Sony broke ground in the camera world in 2013 with the announcement of the A7 line of cameras — the first mirrorless cameras with full-frame sensors. They were exceptional cameras, even with a handful of notable flaws. Then, last year, the company announced a more video-minded version with the A7s, which could shoot 4K video and had truly unbelievable low light performance. Now, Sony is building on that with the brand new A7s II.
The first new feature you notice about the A7s II is 5-axis image stabilization. Sony made waves when it added 5-axis stabilization to the A7 II back in November, making it the first full-frame camera with such a feature. But it makes even more sense here, considering how powerful the A7s II should be when shooting in low light. Last year Sony said the stabilization added 4.5 stops of exposure compensation to the A7 II, and there's no reason to expect it would be any different here.
Built-in image stabilization will make it even easier to shoot in low light
Speaking of that, the A7s II has the same, astronomical ISO range of 50 to 409,600 as its predecessor. But Sony says that the camera's image processor has been upgraded with a new algorithm that should make it even more capable in low light, particularly at "the mid-high end of the ISO scale." Any bump in performance would be significant, because the original A7s already offered jaw-dropping performance at high ISOs — just look at this video that was shot in nothing but moonlight:
As much as Sony's A7 and A7r cameras are aimed at photographers, the A7s line is made for videographers, and so the company has made some other improvements to the A7s II that will please minds obsessed with moving pictures. The camera can shoot 4K video at a higher bitrate than before, 100 Mbps, and now it can capture that footage internally. (Users of the original A7s needed an external recording device to capture 4K footage.) Sony also says the camera can capture this 4K footage without any "pixel binning," which is when an image sensor combines the information captured by neighboring pixels to reduce noise, resulting in a slight sacrifice in quality. The A7s II can also record slow motion 1080p footage at 120 frames per second, which is five times slower than normal speed.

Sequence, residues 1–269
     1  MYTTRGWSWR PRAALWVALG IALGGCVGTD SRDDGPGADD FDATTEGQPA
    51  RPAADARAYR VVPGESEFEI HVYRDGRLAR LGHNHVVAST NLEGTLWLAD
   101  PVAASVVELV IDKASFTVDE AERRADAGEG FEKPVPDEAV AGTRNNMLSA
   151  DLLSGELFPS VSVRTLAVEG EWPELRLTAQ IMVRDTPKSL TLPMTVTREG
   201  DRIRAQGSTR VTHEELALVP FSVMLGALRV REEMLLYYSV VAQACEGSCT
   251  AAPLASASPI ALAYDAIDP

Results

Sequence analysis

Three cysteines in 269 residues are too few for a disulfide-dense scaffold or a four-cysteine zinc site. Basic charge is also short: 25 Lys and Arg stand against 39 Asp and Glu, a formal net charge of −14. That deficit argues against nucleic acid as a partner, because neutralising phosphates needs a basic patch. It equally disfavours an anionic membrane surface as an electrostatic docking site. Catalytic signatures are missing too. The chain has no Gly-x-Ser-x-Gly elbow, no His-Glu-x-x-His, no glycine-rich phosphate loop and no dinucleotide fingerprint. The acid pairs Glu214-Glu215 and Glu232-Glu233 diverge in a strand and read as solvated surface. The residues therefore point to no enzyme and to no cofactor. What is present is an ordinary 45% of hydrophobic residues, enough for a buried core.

Other improvements have been made to the A7s II, like an upgrade to the autofocus system that increases the AF point count to 169. Sony promises that not only will the autofocusing in the A7s II work better in low light — something that is always a challenge, regardless of who makes the camera — and it will be two times faster in video mode than the original A7s.
The A7s II has received upgrades in just about every little corner of the camera
The camera's electronic viewfinder has also been upgraded, and the camera's grip and shutter buttons have a new design as well. Improvements like these are always welcome, but it's hard to tell how significant they are without a real world test.
The rest of the camera has stayed more or less the same. The 35mm-sized full-frame sensor still captures 12.2 megapixels. There's a tilting LCD screen on the back of the camera for lining up shots with it at your hip or over your head. The A7s II is also Wi-Fi and NFC-enabled, and you can control it with Sony's (pedestrian) PlayMemories mobile app. News about upgrades to the mediocre battery performance — one of the biggest sticking points with all of the A7 cameras — is conspicuously absent from the press release, but you should expect it to last about 350 shots.
Sony says the new A7s II will be available in October for "about $3,000" in the US. The company also says that it will add seven new full-frame lenses to its lineup by early 2016, which means owners of the A7s II (and the rest of the A7 line) will have 20 native lenses to pick from.